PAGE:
“Dinner with the Taliban” - reporter Yvonne Ridley's 2002 talk in Cambridge
Yvonne Ridley, the journalist detained in Afghanistan by the Taliban, spoke in Cambridge on Monday 28th January 2002. Yvonne spoke of her experience in Afghanistan, her detention by the Taliban and her release.
This was the first of a series of talks organised by an independent group of students at Cambridge University. Prior to hearing Yvonne speak you would be forgiven for having misconceptions, as the press have criticised Yvonne heavily, perhaps to dismiss what she has to say.
She stated that the Taliban are described as one of the most evil regimes in the world, yet she felt that she had been treated well. For example, when she complained of the conditions of her room, one of the leaders of the Taliban gave up his room for her. She then commented with irony of the US treatment of the 'detainees' at Guantanamo bay.
Whilst detained by the Taliban, she was questioned repeatedly with the same style of questions, however on the fourth day they suddenly became quiet. At this point Yvonne had convinced herself that she was going to be executed. However, fortunately the questioning then continued but with a change in the type of questions she was asked. The reason for the change in question was because of the tax returns that the Taliban had received. These tax returns had been altered to suggest she was employed by two different sources; as a journalist; and as a spy. She stated explicitly in reply to a question asking why this would be the case, that she believed this was to provoke her execution and therefore, prove that the Taliban were an evil regime. She believed that this was too make a stronger case for the bombing of Afghanistan and to silence any anti-war believers by illustrating ' the evil regime' of the Taliban. Even though the Taliban had already agreed to release her, the U.S. and Allies bombed Afghanistan before she was released. When asked who would have altered her tax returns, she replied that the Afghans would not think of altering (or even requesting) her tax returns as they are not familiar with such a system, but the Americans would.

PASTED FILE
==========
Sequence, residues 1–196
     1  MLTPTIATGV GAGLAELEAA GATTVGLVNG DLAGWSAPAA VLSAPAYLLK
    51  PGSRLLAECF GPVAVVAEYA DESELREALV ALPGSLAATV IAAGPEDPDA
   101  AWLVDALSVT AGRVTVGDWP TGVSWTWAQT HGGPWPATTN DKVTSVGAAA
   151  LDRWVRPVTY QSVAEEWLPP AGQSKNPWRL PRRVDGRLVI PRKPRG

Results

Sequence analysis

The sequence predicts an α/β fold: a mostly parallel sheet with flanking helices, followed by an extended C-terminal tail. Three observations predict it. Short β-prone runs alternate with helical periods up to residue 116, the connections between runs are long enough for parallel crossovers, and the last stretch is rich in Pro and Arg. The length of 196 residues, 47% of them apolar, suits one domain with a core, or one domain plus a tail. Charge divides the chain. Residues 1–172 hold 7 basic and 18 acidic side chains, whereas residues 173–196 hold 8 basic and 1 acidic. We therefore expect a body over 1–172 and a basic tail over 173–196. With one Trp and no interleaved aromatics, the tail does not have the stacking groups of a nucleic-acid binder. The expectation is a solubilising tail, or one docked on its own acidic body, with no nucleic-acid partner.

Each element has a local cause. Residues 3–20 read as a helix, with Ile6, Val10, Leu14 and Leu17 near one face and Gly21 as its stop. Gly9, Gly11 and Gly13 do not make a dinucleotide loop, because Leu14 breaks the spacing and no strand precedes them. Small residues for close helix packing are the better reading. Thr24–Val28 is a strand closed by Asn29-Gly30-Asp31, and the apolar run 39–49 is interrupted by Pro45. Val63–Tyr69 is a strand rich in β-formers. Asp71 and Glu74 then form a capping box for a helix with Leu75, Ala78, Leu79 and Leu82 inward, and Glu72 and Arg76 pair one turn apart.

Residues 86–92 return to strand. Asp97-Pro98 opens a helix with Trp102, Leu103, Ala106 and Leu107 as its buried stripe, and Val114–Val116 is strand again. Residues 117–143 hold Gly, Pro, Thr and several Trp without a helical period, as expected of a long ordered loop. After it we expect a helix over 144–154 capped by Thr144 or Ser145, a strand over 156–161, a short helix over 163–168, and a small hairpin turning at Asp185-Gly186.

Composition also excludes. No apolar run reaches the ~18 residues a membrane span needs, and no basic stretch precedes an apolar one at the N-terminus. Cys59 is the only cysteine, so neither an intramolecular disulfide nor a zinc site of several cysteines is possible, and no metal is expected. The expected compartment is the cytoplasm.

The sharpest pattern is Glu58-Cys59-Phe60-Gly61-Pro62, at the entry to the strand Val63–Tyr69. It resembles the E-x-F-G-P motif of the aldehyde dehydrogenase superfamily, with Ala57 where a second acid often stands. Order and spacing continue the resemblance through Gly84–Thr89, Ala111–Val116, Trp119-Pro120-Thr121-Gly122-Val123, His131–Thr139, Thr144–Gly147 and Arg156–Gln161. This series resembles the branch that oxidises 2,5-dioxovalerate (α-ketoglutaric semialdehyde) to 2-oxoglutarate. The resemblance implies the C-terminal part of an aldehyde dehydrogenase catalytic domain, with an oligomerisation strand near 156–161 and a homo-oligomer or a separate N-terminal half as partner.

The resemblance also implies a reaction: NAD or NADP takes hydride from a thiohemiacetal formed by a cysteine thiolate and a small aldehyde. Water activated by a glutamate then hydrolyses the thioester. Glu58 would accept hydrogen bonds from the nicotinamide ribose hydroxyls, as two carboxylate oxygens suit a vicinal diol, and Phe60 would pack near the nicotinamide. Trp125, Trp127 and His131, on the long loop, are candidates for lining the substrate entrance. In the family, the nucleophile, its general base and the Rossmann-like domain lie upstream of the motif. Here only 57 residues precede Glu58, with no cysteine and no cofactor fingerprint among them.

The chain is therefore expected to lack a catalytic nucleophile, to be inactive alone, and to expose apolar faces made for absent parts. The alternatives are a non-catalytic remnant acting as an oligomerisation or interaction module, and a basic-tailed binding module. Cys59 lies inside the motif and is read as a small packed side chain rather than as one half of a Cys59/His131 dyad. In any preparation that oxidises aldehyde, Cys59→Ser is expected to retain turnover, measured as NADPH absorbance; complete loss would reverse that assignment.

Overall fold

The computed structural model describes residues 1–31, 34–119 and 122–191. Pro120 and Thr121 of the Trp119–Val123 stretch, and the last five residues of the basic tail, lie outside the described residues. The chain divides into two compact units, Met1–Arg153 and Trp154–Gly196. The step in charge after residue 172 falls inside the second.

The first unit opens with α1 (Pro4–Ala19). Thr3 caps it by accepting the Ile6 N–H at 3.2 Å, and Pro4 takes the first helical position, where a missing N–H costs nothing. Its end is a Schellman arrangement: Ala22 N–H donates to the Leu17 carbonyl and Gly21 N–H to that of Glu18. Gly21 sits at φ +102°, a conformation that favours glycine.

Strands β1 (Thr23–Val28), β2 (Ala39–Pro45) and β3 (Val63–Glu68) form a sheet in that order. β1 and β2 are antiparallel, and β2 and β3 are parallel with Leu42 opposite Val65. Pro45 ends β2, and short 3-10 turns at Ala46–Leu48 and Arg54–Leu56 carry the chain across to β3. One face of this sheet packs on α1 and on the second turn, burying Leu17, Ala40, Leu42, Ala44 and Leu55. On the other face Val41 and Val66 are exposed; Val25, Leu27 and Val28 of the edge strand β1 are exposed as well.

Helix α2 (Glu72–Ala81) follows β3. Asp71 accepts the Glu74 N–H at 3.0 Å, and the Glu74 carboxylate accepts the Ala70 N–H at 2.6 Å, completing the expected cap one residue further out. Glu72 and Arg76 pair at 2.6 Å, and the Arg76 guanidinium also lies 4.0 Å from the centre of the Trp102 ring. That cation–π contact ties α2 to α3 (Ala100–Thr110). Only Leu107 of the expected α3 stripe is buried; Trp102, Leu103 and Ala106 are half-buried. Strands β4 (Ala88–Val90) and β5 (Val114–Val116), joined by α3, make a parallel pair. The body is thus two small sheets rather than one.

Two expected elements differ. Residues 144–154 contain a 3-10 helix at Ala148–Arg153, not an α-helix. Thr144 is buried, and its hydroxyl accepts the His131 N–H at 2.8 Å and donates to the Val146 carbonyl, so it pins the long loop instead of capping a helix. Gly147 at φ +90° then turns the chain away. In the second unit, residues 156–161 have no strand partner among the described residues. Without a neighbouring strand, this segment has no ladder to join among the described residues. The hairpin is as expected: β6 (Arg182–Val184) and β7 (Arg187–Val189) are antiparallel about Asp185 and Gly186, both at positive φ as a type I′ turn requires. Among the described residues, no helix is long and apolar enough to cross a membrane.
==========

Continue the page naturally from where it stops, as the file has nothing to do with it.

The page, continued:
She believed that Paul Ashford, the editorial director of Express Newspapers, had contributed to securing her release through a face-to-face discussion with the Taliban. Yvonne mentioned the treatment of women in Saudi Arabia, whom the U.S. were not interesting in 'freeing' and therefore, she did not believe that the motivation for the US to bomb Afghanistan was to free the 'oppressed' women.
One of the small villages that Yvonne had visited prior to her capture, was repeatedly bombed by the U.S. and allies. This was the village of Kama, where there were women, whom Yvonne described as strong spirited and resilient and most important of all, there were no Taliban. At first, Yvonne thought this must be a military mistake, however the fact that Kama was bombed repeatedly has led her to belief otherwise. Yvonne stated that one of her reasons for agreeing to speak at this talk is that she was a witness in this war, and therefore felt it was necessary to inform the public of her experiences.
- Daily Express misrepresented Taliban story of its own reporter “The copy bore no relation to the headlines” - reporter Yvonne Ridley
- Speeches at Stop the War demonstration, London 2 March 2002 in Trafalgar Square after march from Hyde Park
- “Shut Guantanamo now!” demonstration in London 15 July 2006, Marble Arch and Mayfair